Nojo started her nonprofit "NO YOUTH NO JAPAN” in 2019, while she was in Denmark, where she saw how the country chose Mette Frederiksen, a woman in her early forties, as prime minister.
The time in Denmark, she said, made her realise how much Japanese politics was dominated by older men.
Keiko Ikeda, a professor of education at Hokkaido University, said it was important for young, worldly people to raise their voice in Japan, where decisions tend to be made by a uniform group of like-minded people. But change will come agonisingly slowly, she said.
"If you have a homogeneous group, it’s impossibly difficult to move the compass because the people in it don’t realise it when their decision is off-centre," Ikeda said.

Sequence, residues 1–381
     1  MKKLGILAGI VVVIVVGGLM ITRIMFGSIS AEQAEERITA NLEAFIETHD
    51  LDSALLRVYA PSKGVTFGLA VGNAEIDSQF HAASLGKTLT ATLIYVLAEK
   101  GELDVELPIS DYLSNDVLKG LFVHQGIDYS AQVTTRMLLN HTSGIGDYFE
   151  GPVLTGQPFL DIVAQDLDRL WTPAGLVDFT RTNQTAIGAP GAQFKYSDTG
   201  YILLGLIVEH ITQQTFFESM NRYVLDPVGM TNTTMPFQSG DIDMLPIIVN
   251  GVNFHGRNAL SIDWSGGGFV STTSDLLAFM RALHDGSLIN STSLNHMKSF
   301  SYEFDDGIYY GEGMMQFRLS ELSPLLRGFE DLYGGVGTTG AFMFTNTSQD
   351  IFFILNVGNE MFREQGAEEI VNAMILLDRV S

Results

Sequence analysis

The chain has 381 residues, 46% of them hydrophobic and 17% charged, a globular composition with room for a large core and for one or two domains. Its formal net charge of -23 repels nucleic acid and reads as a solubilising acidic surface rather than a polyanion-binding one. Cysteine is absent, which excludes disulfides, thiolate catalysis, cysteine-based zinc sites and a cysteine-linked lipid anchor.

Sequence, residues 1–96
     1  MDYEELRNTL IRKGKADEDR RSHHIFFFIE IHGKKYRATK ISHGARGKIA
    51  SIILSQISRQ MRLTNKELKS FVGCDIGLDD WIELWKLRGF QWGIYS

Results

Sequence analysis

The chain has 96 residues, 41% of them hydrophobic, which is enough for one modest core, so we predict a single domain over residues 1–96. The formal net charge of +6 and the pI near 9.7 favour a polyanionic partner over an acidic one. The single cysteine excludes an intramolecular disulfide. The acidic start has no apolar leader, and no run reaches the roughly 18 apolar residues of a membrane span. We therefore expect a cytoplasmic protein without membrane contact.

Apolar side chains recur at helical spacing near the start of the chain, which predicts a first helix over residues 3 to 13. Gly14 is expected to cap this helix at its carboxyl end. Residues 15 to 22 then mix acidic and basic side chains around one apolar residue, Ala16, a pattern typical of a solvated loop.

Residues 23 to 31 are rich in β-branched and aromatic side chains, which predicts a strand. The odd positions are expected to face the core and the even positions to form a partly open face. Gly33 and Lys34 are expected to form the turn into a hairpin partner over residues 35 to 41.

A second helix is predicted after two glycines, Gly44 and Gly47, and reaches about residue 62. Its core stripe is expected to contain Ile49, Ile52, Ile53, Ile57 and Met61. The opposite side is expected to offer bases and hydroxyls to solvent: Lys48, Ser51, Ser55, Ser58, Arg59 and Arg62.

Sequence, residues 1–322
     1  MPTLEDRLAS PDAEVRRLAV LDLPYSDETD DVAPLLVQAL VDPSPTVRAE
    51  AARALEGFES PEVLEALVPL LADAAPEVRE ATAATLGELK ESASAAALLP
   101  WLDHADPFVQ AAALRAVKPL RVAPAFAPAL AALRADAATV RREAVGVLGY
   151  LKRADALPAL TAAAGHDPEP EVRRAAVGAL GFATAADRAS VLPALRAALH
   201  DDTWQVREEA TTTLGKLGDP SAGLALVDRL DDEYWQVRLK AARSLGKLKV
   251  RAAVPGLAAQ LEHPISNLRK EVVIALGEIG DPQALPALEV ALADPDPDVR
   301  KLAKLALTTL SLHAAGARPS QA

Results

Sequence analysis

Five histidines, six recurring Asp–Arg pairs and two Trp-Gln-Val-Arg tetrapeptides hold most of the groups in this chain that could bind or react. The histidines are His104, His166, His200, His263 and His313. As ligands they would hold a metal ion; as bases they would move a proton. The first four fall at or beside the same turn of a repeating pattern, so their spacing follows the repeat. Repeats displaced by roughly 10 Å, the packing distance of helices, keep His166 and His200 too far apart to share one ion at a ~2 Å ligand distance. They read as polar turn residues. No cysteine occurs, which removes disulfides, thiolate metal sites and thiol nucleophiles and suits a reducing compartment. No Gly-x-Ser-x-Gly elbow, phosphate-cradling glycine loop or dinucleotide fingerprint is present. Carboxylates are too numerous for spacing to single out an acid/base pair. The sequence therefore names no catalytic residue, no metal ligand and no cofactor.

Nojo dismissed a proposal this week by Japan's ruling Liberal Democratic Party to allow more women in meetings, but only as silent observers, as a poorly-executed PR stunt.
"I'm not sure if they have the willingness to fundamentally improve the gender issue," she said, adding that the party needed to have more women in key posts, rather than having them as observers.
In reality, Nojo's win is only a small step in a long fight.
Japan is ranked 121st out of 153 countries on the World Economic Forum's 2020 Global Gender Gap Index - the worst ranking among advanced countries - scoring poorly on women's economic participation and political empowerment.
Activists and many ordinary women say drastic change is needed in the workplace, and in politics.
"In Japan, when there's an issue related to gender equality, not many voices are heard, and even if there are some voices to improve the situation, they run out of steam and nothing changes," Nojo said.
"I don't want our next generation to spend their time over this issue."